US President-elect Joe Biden has named the members of his coronavirus task force, highlighting his pledge to make tackling Covid-19 his top priority.
In his first appointments since his victory was announced on Saturday, he named three co-chairs and 10 members. Among the co-chairs named is Vivek Murthy, who was appointed US surgeon-general by President Barack Obama in 2014 and removed by President Trump in 2017.
He also set out the blueprints for his Transition Covid-19 Advisory Board. The focus of his policy will be on mask wearing, social distancing, contact tracing and hand washing.
In a statement, Biden said the board would help to get the virus under control, deliver relief for working families, address racial disparities and work to reopen schools and businesses.
He also said it would “elevate the voices of scientists and public health experts”.
It comes as company Pfizer announced that its vaccine data suggests the shots may be 90% effective at preventing COVID-19.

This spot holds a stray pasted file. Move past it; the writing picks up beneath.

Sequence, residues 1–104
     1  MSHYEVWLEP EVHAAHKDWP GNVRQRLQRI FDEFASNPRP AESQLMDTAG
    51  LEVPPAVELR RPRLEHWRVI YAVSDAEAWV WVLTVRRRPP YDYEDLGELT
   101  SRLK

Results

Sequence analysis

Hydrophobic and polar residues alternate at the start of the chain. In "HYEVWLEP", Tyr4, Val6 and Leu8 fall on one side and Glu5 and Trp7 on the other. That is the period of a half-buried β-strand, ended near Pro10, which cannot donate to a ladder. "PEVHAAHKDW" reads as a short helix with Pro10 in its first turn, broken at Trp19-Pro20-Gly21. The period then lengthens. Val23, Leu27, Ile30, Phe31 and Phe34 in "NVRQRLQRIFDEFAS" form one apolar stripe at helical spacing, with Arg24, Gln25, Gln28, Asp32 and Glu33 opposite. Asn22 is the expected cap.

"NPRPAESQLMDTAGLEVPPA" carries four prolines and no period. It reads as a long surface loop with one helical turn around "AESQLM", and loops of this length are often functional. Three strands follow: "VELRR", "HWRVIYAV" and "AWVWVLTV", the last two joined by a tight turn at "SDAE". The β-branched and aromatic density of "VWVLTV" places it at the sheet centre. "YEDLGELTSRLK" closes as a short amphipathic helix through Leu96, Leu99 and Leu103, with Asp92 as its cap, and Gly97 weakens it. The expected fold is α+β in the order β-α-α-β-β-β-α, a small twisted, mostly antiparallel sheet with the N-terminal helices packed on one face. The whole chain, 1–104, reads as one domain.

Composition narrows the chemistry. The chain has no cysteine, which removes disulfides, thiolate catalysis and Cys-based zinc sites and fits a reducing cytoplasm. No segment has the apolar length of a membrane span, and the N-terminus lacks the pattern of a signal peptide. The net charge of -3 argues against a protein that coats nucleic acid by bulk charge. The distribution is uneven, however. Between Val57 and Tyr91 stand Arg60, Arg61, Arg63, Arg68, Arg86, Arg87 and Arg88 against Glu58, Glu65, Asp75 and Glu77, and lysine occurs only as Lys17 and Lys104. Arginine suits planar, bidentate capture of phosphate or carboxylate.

Biden on Monday hailed the announcement as a “breakthrough” and congratulated those involved in giving the country “such cause for hope.” But at the same time, he noted that the end of the battle against COVID-19 is still months away.
He said even if a vaccine is approved by the end of this month and some Americans are vaccinated later this year, it’ll be many more months before there’s widespread vaccination across the country.
Biden cited a warning by the head of the U.S. Centers for Disease Control and Prevention that for the foreseeable future, a mask remains a more potent weapon against the virus than a vaccine.
“Today’s news doesn’t change this urgent reality,” Biden said, adding that Americans will have to rely on masking, distancing, social tracing, hand washing and other measures to keep themselves safe well into next year.
He said the US is still losing over 1,000 people a day from COVID-19 and will continue to get worse unless progress is made on mask-wearing and other actions.
Coronavirus cases in the US since the pandemic began are nearing 10 million, and there have been more than 237,000 deaths recorded so far.